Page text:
You’re comparing apples to oranges. Every movie is inherently different. You can’t treat these like a scientific equation; there are too many unquantifiable variables. In regard to this specific statement, there is no universal rule that dictates “humor equals good,” and “gritty equals bad.” It depends on the tonal consistency of a movie, the writing, and a bunch of other factors. For instance, if you’re watching a heavy film about genocide that throws in a bunch of random dick jokes, chances are it’s going to be a miss. If you do the same in a movie that’s supposed to be a comedy, it’ll obviously be received much better. In regard to these superhero movies, it means that some critics did not like how humor was handled in one movie, and liked how it was handled in another.
Don’t listen to critics. Fans are more important.
I both agree and disagree with this statement. I agree that at the end of the day, your opinion as a viewer and fan is what should count. That said, this thought implies that critics are not fans. In reality, film critics love movies just as much as the rest of us do. One could even argue that they love them more so, since they’ve devoted their lives to studying and analyzing them. They don’t nitpick just for the hell of it.
It seems like people carry a mistaken notion that critiquing or pointing out the negtives in something means that you don’t like that thing. On the contrary, you can point out the flaws in a movie and still like it. Those two concepts aren’t mutually exclusive. I enjoyed Man of Steel, but it also had a ton of flaws. I must have rewatched the Batman warehouse scene from Batman v. Superman at least a hundred times. But in terms of writing, the movie was all over the place. Again, that doesn’t mean that I won’t go back and rewatch that scene a hundred more times before the next Batman movie.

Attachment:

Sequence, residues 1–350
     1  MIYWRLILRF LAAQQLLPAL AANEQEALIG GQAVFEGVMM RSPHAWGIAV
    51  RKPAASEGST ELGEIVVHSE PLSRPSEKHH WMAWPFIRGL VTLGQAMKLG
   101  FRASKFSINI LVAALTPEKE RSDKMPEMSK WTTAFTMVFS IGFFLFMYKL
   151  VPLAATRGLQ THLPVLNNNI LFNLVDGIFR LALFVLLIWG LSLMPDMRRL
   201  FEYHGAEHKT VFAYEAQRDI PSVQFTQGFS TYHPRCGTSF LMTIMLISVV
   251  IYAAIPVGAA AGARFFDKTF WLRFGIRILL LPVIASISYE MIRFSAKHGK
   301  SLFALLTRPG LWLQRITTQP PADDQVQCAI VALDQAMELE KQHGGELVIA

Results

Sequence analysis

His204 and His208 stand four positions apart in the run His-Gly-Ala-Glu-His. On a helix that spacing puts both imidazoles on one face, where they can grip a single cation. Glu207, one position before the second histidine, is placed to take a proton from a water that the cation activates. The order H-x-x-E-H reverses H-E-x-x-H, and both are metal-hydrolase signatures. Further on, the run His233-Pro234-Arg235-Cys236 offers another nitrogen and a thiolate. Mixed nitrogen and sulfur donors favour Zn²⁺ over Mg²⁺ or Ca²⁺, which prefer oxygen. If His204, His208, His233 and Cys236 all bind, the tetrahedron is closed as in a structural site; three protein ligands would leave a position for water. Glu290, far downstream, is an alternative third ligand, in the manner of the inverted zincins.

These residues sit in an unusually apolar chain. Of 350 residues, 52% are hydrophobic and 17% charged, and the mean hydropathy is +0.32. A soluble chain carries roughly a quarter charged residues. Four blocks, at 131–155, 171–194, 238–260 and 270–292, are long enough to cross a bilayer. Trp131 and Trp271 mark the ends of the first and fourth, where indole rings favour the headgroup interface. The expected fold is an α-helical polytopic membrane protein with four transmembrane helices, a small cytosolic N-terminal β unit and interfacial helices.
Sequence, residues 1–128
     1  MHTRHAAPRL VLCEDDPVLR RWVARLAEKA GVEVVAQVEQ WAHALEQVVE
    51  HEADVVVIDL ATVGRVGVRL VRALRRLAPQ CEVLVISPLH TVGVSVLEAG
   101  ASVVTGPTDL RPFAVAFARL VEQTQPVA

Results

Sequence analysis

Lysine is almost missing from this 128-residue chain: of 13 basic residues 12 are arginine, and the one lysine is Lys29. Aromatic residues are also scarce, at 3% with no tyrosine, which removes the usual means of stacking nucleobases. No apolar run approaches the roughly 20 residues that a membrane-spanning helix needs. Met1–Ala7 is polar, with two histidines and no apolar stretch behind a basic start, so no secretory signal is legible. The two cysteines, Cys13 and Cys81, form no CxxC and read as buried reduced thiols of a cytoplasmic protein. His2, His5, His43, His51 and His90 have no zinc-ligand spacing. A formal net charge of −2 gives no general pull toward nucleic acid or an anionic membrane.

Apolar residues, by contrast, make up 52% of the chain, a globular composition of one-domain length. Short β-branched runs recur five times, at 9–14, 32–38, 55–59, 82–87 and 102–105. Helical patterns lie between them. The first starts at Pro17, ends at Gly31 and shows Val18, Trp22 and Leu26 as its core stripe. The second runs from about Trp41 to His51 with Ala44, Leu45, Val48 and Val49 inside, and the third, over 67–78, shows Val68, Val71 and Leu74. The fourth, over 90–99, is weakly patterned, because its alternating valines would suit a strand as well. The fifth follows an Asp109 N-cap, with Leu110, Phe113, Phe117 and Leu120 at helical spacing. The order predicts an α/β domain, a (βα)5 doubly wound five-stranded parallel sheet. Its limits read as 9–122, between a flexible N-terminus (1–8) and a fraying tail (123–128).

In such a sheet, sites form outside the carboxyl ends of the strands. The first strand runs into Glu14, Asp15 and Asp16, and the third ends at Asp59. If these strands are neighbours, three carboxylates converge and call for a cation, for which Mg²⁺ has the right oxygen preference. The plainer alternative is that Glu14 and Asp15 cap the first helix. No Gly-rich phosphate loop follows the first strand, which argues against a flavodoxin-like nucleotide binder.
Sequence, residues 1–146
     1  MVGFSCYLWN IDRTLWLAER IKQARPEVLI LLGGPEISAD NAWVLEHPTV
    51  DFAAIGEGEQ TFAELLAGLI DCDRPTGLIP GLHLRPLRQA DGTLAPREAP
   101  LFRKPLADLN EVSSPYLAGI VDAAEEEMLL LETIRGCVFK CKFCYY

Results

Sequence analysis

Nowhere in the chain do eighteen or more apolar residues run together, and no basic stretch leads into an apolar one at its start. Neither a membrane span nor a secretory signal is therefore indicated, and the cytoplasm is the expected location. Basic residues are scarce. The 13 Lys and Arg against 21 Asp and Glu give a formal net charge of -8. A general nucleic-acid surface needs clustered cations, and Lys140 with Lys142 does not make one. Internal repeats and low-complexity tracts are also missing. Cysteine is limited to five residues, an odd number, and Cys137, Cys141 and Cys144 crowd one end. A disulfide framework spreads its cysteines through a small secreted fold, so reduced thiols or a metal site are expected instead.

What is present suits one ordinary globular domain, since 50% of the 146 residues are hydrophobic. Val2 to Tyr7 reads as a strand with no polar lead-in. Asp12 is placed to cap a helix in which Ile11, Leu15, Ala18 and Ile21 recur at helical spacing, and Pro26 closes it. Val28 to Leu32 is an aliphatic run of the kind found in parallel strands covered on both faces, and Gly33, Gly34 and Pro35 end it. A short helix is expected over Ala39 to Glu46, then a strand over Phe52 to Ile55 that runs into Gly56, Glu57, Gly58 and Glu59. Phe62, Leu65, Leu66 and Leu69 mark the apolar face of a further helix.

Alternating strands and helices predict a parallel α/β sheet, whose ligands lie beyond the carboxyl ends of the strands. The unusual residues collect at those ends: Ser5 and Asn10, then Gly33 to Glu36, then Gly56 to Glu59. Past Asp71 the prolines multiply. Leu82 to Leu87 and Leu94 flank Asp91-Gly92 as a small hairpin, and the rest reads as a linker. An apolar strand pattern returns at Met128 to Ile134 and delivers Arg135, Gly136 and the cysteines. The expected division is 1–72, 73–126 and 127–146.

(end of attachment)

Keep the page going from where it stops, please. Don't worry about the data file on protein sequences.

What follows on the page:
Being open-minded and critical is important to all things, and applies to every facet of life. Which person do you like better; the narcissist, or the one who acknowledges his or her own weaknesses and wants to overcome them? If as fans, all we ever did was just priase something without voicing our opinion on weaknesses, we never would have gotten an excellent Wonder Woman movie. If we don’t express our disappointment, then what reason do producers and directors have for making the next movie even better for us? We’re paying money to see these movies. As a collective, we can sway what gets made, and how it gets made.
“Don’t believe the negative reviews”
Implicit in a lot of similar tweets is that there is a right or wrong answer to your enjoyment of a movie. There isn’t. There is nothing to “believe.” The reviewers are giving their opinion on the movie. Decide what your opinion is on your own. If you like it, you like it. If you don’t, you don’t.
Marvel vs. DC
You don’t need to choose a side. You can like both. Fanboy-ism ruins everything. You see the exact same arguments spring up during an Apple or Android phone release. You could literally replace the proper nouns in these arguments, replacing “Apple” and “Samsung” with “DC” and “Marvel,” and they’ll all still make sense.
During the summer of 2012, I got the opportunity to intern at Marvel Entertainment. It was during the height of The Avengers and it was an exciting time to be there. While there were highlights to the internship, one memory that sticks is how much the majority of people working there loved comics. This extended beyond Marvel, and to DC and other publishers as well. Plenty of creative talents have written or illustrated for both Marvel and DC. There was also a box of comics by Intern Row that was full of DC comic books. They were comics that DC sent to Marvel, and Marvel sends DC free comics as well. If the people who create the stories can coexist, then why can’t us fans?